May 21, 2009 | 7:52 pm
Posted by Brad A. Greenberg
The four Muslim men arrested yesterday for allegedly trying to bomb New York synagogues and shoot down a plane with a SCUD missile “wanted to commit jihad,” New York police Commissioner Raymond Kelly said.
“More information about their motives I’m sure will be developed as the case progresses, but right now they stated they wanted to make jihad. They were disturbed about what was happening in Afghanistan and Pakistan, that Muslims were being killed,” Kelly said. “They were making statements that Jews were killed in this attack and that would be all right—that sort of thing.”
Terrorism, whose origin has, like so many ugly things, been blamed on the Jews, is not something that Islam justifies. But terrorism is something political players who use Islam as a vehicle have mechanized. How else can you explain the 2007 Pew Research Center findings that 26 percent of Muslims age 18-29 think that suicide bombings can be justified?
“I would have to say it’s actually like 60 or 65 percent of the youth,“ the Long Beach MSA leader told me at the time. “It’s very rare that I meet someone who says suicide bombings in Palestine are not justified.“
Today the Muslim Public Affairs Council released a statement affirming the organization’s “outrage over NYC synagogue plots.” The statement included an excerpt from a letter Salam Al-Marayati, its executive director, sent to Rabbi Marc Schneier of the Foundation for Ethnic Understanding:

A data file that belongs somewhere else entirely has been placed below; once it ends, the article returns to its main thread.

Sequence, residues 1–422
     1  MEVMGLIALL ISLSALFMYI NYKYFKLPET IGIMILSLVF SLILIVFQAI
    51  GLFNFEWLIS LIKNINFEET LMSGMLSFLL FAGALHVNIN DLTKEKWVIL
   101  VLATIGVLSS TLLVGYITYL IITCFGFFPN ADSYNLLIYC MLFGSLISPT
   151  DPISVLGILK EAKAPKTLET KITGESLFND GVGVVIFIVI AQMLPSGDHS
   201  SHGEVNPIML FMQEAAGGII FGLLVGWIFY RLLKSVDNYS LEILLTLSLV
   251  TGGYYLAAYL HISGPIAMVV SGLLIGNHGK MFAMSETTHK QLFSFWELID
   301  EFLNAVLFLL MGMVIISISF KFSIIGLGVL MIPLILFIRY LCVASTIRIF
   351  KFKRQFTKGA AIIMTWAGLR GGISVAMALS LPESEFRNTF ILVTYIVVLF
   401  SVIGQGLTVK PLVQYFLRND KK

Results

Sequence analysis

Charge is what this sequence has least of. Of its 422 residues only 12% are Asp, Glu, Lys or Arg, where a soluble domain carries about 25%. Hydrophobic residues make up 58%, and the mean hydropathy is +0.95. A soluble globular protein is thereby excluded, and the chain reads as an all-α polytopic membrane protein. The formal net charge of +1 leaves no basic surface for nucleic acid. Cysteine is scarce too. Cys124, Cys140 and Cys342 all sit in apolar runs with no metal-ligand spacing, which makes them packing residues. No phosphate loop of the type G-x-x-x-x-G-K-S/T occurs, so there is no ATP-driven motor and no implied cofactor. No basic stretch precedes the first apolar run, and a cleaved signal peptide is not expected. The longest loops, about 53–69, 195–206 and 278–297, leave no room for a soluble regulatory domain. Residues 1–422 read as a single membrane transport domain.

“I write to you today with shock and dismay over reports that four Muslims planned to bomb synagogues in the New York City area. This criminal attitude is reprehensible and wretched. On behalf of the Muslim Public Affairs Council, I want to demonstrate solidarity with you and all Jewish Americans against any attack motivated by anti-Semitism. We, Muslims and Jews, are all believers in the One God who wants justice in our society. We are all American citizens who band together to protect our country against any threat. We are all members of humanity who want to work for the betterment of society, in building bridges of understanding, against those who want to destroy those bridges. Thank you for all the work you do at the Foundation for Ethnic Understanding. I hope to be with you in the near future by the will of God.”
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